It’s a great time to be a bacterium.
For more than a century, bacteria have been typecast as villainous bodily invaders in the stomach-churning, fever-inducing drama of infectious disease. Now, researchers are realizing that bacteria can play the good guys, too. Beneficial gut bacteria—and there are trillions of them in the typical human digestive system—help digest and extract nutrients from everything we eat, and they can also crowd out the bad-guy bacteria that make us sick.
That’s the big idea behind the shelf full of “probiotic” supplements at your local pharmacy or grocery store. Manufacturers claim that these pills (or gummies or powdered drink packets) contain billions of live bacteria. Some doctors recommend that patients take them when they are prescribed broad-spectrum antibiotics, which wipe out good and bad bacteria alike, and millions of consumers buy them hoping for relief from gastrointestinal problems or to support general good health. But do the supplements actually contain what the labels promise, and how do they compare to fermented foods, like kombucha or miso soup, which are also teeming with microbes?
Sandra Buerger, a lecturer in natural science and mathematics at Boston University’s College of General Studies, and Alexander Smith (CGS’19), supported by a grant from the Center for Interdisciplinary Teaching & Learning, wanted to find out. (Yemi Osayame, CAS ’19, joined the project this fall.) So, they headed to the drugstore, filled up their shopping baskets, and brought their probiotic haul back to Buerger’s lab. There, they cracked open the pills, diluted the bacterial powder stuffed inside, and dabbed the mix onto petri dishes. Because the probiotic pill bottles specify what bacterial strains are inside, Buerger and Smith prepared the dishes according to those species’ preferences. Then they waited to see what would grow.
So far, their preliminary results, which they hope to publish in the future, line up fairly well with what’s advertised on the pill bottles. “The numbers from our methods have been a little lower than what’s claimed on the box,” says Buerger, “but there are definitely living bacteria in there.”
Still, says Buerger, from a bacterium’s perspective, the conditions inside the pill are less than ideal. “They are being shoved into a little pill capsule, and they might be happier in some of the other liquids, where they have more room to grow.”
To find out whether bacteria were “happier” elsewhere, Buerger decided to test the pills against popular fermented drinks that naturally contain good bacteria. She started with miso soup and apple cider vinegar, then added kombucha, a fermented tea, at the suggestion of a friend who home-brews the drink. Then, Smith repeated the process of plating the samples and growing the bacteria.
The results looked very different from the over-the-counter probiotics, says Smith. While the bacteria from the pills colonized tidy white circles, the dishes plated with fermented foods bloomed in colorful, disorderly splotches. Buerger and Smith will use gene sequencing to identify the specific strains of bacteria inside the fermented foods, but they say it’s already clear that the foods have greater bacterial diversity than the over-the-counter probiotics.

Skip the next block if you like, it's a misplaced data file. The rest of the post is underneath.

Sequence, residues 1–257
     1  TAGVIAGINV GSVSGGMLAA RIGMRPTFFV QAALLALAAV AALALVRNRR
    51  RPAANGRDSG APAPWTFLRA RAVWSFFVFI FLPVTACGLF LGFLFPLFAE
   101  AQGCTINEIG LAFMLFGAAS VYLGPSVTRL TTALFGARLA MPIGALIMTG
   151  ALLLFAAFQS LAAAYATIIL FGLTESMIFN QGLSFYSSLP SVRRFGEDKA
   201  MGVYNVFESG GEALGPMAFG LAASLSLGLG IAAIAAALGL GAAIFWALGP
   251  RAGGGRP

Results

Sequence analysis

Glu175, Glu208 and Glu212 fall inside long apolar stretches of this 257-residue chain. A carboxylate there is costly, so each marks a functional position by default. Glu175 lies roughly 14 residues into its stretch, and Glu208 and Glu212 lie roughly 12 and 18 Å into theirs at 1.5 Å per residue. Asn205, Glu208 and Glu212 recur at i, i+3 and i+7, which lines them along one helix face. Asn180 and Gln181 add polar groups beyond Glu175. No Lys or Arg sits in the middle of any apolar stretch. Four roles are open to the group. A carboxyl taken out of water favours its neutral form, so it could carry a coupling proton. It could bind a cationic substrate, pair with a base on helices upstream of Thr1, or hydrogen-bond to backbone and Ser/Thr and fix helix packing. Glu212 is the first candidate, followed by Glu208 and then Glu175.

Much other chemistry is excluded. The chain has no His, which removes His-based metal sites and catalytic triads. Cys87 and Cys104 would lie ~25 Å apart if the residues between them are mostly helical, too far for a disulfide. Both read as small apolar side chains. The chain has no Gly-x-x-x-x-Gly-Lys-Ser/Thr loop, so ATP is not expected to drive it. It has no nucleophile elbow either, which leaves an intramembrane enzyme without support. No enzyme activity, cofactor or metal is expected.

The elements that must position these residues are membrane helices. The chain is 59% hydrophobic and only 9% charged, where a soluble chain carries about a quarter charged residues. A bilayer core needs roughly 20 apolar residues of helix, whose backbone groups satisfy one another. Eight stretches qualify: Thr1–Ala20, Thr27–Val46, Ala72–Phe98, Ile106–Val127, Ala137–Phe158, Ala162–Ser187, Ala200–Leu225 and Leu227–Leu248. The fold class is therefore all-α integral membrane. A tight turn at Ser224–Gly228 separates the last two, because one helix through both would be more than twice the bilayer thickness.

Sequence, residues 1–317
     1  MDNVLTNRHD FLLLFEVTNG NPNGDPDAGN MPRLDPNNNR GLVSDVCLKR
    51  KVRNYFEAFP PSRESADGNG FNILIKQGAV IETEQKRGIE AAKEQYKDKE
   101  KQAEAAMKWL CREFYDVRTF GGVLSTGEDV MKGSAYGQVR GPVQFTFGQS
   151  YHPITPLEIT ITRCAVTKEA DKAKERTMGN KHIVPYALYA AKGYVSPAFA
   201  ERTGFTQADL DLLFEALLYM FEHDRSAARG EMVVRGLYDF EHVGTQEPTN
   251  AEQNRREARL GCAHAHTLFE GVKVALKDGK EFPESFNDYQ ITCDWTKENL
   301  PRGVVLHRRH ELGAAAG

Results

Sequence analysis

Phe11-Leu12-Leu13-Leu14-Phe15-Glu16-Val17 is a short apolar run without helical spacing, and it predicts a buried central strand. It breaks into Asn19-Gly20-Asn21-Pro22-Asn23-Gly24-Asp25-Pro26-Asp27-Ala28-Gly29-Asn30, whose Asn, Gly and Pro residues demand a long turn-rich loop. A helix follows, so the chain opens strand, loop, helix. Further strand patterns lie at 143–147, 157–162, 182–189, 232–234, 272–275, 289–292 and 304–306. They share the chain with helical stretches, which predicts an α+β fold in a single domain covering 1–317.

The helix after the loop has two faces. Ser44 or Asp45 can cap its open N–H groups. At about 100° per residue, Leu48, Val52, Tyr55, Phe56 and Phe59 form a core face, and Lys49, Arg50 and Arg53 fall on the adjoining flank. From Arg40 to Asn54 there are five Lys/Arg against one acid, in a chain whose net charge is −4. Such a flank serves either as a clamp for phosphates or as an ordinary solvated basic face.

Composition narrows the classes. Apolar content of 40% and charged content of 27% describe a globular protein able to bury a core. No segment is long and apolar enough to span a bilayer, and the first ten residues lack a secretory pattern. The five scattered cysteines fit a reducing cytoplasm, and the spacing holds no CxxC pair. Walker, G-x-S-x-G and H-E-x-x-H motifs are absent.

That diversity makes it tough for consumers to know exactly what they are getting when they tuck into their miso soup, and also introduces the danger of contamination. But, Buerger says, it might give fermented foods an edge over the more homogeneous drugstore probiotics. “A healthy collection of gut bacteria is not one type of bacteria. It’s many types of bacteria, so there could be potential health benefits of having more variety,” she says. It’s also possible that the diversity could help the bacteria thrive. “Bacteria interact with each other all the time. Some of those relationships are antagonistic, but other times they talk to each other and cooperate.”
The next step is finding out whether all those bacteria actually make it through the digestive system to the small intestine. “What we’re really concerned about is how they survive the trip through the stomach,” says Buerger. “The stomach doesn’t have a lot of bacteria in it because it has this high acidity level. But once the food travels through your intestines, that’s where the bacteria are going to be able to have the most action.” There, bacteria help the body produce vitamins, break down foods, and keep “bad” bacteria, like those that cause food poisoning, from moving in.
To find out what happens once the good bacteria go down the hatch, Buerger and Smith are building an artificial stomach that will “digest” the probiotic pills by churning them up with hydrochloric acid, potassium chloride, and sodium chloride, the main components of the gastric juice that helps break down food in the stomach. (Samples of the fermented drinks will go inside a permeable packet instead of a pill capsule.) After a few hours, the researchers will remove the samples and check the health of the bacteria inside, says Buerger: “Are they still alive? Are there more of them ready to grow? Is there enough to still make a difference to the digestive system?”
Ultimately, Buerger says, she hopes that the research will help doctors and consumers make more informed choices about over-the-counter and food-based probiotics. And while you should always talk to your doctor before starting a new supplement, especially if you’re seriously ill or have a weakened immune system, Buerger says that it typically can’t hurt to give probiotics a try. “I don’t think it’s going to do you any harm to have an extra yogurt,” she says.